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Meropidae – Bee-eaters

meropidae
Cinnamon-chested Bee-eater in Kenya: Photo by Nathan Mixon

Meropidae, or bee-eaters, are a vibrant family of birds found primarily in Africa, Asia, and Europe. Known for their stunning plumage, these aerial hunters are named for their diet, which consists mainly of bees and other flying insects. With long, slender bills adapted for catching prey mid-flight, bee-eaters display impressive agility as they swoop and dive through the air. Many species nest in burrows dug into sandy banks, where they raise their young in colonies, exhibiting cooperative breeding behaviors. Overall, bee-eaters are a colorful and fascinating group of birds known for their aerial prowess and social nesting habits.

Overview of Meropidae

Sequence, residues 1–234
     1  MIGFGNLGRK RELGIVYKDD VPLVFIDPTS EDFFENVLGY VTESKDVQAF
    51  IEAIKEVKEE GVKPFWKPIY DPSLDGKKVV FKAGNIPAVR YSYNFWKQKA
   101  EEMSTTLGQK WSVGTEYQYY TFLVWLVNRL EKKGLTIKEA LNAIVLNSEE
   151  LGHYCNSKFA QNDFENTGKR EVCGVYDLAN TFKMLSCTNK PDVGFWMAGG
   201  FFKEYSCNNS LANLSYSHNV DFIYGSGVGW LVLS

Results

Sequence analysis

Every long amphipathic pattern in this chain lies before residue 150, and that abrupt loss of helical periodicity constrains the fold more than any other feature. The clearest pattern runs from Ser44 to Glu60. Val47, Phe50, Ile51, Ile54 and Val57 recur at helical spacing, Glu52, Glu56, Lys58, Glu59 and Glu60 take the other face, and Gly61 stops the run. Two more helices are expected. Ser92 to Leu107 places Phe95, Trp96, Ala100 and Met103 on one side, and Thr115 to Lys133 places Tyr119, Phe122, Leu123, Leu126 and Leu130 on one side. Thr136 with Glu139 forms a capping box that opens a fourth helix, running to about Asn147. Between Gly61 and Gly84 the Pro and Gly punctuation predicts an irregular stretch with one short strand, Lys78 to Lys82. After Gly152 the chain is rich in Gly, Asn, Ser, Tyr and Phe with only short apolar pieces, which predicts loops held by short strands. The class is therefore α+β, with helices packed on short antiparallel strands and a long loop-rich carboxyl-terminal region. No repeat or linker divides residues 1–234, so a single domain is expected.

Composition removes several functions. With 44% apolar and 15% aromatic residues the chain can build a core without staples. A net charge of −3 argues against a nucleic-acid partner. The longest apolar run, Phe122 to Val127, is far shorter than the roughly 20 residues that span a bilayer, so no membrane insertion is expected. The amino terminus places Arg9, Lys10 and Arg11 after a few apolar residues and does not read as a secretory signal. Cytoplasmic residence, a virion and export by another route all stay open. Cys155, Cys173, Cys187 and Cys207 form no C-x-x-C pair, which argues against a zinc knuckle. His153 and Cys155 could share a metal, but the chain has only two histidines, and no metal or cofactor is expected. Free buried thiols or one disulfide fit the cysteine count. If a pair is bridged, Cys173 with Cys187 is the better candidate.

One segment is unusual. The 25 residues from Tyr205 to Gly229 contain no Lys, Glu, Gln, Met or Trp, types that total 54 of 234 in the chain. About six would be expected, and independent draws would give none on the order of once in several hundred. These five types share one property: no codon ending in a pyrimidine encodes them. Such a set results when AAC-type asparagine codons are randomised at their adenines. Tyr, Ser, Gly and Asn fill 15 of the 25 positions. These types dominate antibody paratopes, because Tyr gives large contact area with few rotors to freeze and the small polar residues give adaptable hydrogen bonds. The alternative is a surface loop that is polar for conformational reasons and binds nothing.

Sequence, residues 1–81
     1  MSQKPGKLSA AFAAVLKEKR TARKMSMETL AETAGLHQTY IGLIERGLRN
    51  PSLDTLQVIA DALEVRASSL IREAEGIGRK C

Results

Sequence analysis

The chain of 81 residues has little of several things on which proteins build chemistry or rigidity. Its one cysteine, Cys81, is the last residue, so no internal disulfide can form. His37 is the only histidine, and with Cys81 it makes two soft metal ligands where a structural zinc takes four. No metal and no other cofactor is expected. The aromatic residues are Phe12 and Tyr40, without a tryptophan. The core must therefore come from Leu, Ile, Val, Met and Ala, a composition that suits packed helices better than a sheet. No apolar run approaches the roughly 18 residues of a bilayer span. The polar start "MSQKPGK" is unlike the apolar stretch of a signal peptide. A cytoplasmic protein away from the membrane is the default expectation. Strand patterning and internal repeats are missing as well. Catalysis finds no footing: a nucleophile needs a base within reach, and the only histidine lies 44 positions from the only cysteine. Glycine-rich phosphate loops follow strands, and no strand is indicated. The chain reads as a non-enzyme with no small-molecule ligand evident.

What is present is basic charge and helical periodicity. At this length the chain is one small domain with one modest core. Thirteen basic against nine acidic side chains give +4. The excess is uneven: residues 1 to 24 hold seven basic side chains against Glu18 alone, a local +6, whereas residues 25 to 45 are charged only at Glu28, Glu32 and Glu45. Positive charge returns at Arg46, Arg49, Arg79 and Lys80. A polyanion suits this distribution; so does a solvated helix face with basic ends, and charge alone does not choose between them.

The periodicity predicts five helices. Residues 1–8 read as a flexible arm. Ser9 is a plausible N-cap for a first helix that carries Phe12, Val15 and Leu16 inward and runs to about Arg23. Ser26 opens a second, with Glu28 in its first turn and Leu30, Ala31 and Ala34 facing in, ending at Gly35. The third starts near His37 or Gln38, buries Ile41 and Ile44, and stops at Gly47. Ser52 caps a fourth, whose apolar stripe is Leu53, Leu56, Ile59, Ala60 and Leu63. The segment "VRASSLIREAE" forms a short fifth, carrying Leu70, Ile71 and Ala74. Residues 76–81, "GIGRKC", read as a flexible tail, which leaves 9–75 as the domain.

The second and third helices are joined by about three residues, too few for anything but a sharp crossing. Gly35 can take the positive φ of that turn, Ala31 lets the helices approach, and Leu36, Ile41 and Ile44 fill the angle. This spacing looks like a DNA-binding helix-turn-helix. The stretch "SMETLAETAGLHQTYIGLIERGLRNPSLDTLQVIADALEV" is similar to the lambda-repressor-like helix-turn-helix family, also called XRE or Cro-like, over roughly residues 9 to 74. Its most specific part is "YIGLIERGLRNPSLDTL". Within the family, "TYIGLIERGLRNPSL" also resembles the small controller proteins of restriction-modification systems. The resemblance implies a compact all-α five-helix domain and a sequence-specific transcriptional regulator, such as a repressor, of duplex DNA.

Adorned in dazzling hues, adorned with elongated central tail feathers or split tails in various species, bee-eaters are among the most elegant aerial insectivores found in the Eastern Hemisphere. Patient hunters, they await their prey from perches, specializing in capturing large flying insects such as wasps and bees, skillfully removing their stings before consumption. Bee-eaters typically inhabit savannas and forests, where solitary tree perches offer ideal vantage points for their hunting flights, occasionally expanding their range into more open areas with the aid of man-made structures or large animals for perching. Many species exhibit cooperative breeding behaviors, forming colonies and enlisting the help of additional individuals in the demanding task of excavating nest burrows.